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Brussels, 16 October 2009

European Commission seeks views on the opportunities and challenges for digital cinema

The European Commission today launched a public consultation of professionals from the EU's audiovisual industry on how to best seize the opportunities and address the challenges of the 'digital revolution' in the EU film sector. Digital cinema can make distribution of films cheaper and more flexible, enabling more European films to travel. 'Going digital' however requires high investments. One third of European cinemas could be threatened with closure due to the high cost of digital equipment – unless new business models and viable public support schemes are developed now. Feedback from cinema and audiovisual professionals as well as national film agencies and other interested parties during the 2 month consultation opened by the Commission today will feed into a Communication early next year setting out the Commission's policy on digital cinema.

"The digital revolution is happening now and Europe's cinema should be well prepared for it!," said Viviane Reding, EU Commissioner for Information Society and Media. "Convergence between traditional content and digital technology radically changes the way films are produced, distributed and watched. This technological development can create new business opportunities, new jobs and new consumer services – if we create the right framework to stimulate this process. The Commission therefore wants to consult all stakeholders about their experiences, needs and expectations regarding digitisation which is crucial for the future of European cinema."

Competition Commissioner Neelie Kroes commented: "A public debate on the impact of digital cinema in Europe is long overdue. Significant investment will be necessary and state subsidies may play a role in support of digitisation. Therefore we need a careful understanding of the dynamics of the sector, in order to ensure that transition to digital will be to the benefit of the operators of the cinema sector and ultimately of the consumers."

Digital technologies are increasingly used by filmmakers. New cameras and formats make it easier to produce films. Other digital tools are being used for exciting special effects and 3D films. Distributing a digital film copy can be up to ten times cheaper than a traditional 35 mm print; digital cinema could therefore make it easier for European films to be seen by global audiences. However digital screening equipment can cost too much for many of Europe's cinemas; roughly 31% of European cinemas are single-screen cinemas and only 10% of cinemas are multiplexes.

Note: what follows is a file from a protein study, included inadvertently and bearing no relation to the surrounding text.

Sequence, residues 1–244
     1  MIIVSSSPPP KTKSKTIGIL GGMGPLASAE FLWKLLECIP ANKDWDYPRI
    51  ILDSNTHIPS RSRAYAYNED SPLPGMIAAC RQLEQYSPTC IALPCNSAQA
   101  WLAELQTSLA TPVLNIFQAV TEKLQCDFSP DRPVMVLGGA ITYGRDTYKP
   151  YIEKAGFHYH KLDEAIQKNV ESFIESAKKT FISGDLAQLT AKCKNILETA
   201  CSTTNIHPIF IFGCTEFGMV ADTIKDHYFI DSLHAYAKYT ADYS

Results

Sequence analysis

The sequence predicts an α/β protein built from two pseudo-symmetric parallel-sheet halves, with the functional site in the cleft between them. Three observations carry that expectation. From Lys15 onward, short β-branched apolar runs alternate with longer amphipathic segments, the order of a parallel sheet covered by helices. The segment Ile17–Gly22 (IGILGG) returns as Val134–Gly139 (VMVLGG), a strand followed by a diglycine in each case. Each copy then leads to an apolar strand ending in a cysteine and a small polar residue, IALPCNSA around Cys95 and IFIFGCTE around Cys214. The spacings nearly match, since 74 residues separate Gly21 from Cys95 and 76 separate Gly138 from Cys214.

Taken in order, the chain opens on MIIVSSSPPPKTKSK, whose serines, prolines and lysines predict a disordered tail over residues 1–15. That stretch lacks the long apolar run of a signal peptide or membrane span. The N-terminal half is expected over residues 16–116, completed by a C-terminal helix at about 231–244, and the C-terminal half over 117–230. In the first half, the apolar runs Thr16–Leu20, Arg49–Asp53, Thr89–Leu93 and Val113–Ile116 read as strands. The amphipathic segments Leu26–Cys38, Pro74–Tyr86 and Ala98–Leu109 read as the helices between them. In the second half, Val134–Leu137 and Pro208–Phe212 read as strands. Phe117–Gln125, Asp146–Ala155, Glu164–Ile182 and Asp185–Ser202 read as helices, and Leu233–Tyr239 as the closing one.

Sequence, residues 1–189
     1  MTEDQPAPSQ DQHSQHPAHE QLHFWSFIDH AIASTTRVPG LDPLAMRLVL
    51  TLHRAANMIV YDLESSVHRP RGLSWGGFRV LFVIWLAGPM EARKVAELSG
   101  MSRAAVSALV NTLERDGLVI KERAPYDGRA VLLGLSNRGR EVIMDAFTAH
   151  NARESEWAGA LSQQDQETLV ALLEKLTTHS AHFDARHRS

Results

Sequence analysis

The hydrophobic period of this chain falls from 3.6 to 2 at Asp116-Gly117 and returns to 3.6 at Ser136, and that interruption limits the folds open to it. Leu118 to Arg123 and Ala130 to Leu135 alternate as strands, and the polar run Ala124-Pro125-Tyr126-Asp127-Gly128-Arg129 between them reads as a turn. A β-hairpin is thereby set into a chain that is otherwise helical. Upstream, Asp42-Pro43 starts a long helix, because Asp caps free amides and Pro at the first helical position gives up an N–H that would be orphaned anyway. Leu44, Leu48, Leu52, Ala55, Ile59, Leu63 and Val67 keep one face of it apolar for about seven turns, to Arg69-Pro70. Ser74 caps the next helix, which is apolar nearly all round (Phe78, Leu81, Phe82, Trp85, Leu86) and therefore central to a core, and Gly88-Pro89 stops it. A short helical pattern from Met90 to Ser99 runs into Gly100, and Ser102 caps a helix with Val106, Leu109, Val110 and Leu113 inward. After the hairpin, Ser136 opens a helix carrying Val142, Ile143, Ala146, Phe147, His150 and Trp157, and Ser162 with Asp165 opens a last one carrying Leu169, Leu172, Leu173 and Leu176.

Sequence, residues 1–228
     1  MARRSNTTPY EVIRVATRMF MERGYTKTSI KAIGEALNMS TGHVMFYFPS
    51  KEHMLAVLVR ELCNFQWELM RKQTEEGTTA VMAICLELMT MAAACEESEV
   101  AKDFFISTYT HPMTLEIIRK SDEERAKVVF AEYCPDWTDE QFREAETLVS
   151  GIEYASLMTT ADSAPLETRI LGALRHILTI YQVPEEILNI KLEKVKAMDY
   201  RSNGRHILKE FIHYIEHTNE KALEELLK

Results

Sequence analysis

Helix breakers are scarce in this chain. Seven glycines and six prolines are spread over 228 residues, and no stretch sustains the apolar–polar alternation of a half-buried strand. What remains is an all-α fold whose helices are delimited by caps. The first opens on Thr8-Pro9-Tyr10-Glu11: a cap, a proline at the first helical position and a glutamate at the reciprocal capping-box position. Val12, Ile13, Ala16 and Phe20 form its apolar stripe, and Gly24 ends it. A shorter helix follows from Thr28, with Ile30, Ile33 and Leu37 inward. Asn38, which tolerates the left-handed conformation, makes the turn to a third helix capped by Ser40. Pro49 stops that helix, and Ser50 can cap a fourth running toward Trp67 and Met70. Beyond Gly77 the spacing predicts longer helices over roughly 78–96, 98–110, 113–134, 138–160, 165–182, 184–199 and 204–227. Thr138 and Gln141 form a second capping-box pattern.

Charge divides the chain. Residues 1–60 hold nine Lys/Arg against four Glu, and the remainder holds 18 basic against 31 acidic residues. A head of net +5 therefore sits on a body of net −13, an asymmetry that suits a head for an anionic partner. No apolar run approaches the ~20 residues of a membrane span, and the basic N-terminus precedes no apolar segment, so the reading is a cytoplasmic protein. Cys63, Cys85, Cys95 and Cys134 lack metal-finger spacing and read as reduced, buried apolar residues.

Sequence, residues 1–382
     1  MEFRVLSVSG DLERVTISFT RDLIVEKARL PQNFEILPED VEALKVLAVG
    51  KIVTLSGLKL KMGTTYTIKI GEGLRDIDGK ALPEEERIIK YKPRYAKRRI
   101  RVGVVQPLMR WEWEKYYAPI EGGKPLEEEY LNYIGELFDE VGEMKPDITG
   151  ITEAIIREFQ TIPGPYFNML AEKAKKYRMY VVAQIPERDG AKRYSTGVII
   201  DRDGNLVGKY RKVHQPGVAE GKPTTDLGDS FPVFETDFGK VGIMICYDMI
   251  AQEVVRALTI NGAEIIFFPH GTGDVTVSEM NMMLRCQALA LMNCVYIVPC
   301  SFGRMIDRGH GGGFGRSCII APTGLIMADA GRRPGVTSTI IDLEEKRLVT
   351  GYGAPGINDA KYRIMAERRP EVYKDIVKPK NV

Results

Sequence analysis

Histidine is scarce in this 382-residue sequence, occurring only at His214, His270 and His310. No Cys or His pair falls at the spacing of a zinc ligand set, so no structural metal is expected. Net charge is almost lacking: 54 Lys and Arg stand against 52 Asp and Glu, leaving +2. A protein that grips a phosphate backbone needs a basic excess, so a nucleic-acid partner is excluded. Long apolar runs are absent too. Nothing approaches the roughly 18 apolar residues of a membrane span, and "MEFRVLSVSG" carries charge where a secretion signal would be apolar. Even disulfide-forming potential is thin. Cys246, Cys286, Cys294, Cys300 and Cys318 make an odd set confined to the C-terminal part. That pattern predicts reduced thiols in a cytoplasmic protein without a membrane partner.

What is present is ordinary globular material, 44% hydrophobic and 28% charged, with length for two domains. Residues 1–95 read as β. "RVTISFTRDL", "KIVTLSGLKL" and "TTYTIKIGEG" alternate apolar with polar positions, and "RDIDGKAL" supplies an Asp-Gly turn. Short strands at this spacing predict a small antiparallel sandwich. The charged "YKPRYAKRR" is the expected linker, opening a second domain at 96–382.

In the consultation launched today the European Commission wants to find out how digital cinema could impact on the European film sector and in particular Europe's 30.000 cinema screens. It invites EU film exhibitors, distributors, national film agencies, and public and private film organisations to share their views.

The US currently has the lead in digital cinema. A digital master is already available for 90% of all US new films whereas in France (the EU's biggest film producer) less than half of new films are available on digital. In addition, the US developed the VPF (Virtual Print Fee) model where third parties collect part of the money saved by film distributors which can then be used to finance digital equipment. In Europe, only 2428 screens have been converted so far for digital projection. Worldwide, some 12.000 screens have been digitally equipped on a total of around 110.000 worldwide. By 2012, it is estimated that nearly 20% of cinemas worldwide will be converted.

National governments are considering subsidising the transition to digital cinema. Italy has already notified a state aid scheme for which a public consultation is currently ongoing ( IP/09/1181 ). Other countries (including, France, Germany and Norway) are planning or finalising their national support schemes, but most arthouse theatres (those that screen European independent films, like the members of the Europa Cinemas network supported by the MEDIA Programme) have at the moment neither public nor private financing to help them go digital.

In addition to questions for Europe's film and cinema professionals, the Commission today also published an analysis on digital cinema and outlined its policy in this field, including State aid questions. The analysis and feedback from the public consultation which runs until 16 December 2009 will enable the Commission to finalise a Communication on "Opportunities and challenges for European cinema in the digital era" in 2010.


This public consultation results from the discussions of an expert group established by the Commission in spring 2008 to look at the possible threat to the diversity of European cinemas and the need for alternative business models.

Within Europe, the existing MEDIA 2007 programme will provide €755 million to Europe's audiovisual industry from 2007-2013, helping European professionals get training and develop, distribute and promote their works around Europe ( IP/07/169 ).

The MEDIA Programme has been adapted continuously since 1991 to support the European audiovisual industry. Most recently new technologies have been mainstreamed into the programme, from training to exhibition. One of the training strands supported by MEDIA is dedicated to digital technologies, whether in production, distribution or exhibition. Several pilot projects have also been launched, digital costs for the distribution of European films have been eligible for years and a specific support scheme for digital screenings of European films was set up with Europa Cinemas

Link to public consultation and background document:

MEDIA 2007 Decision

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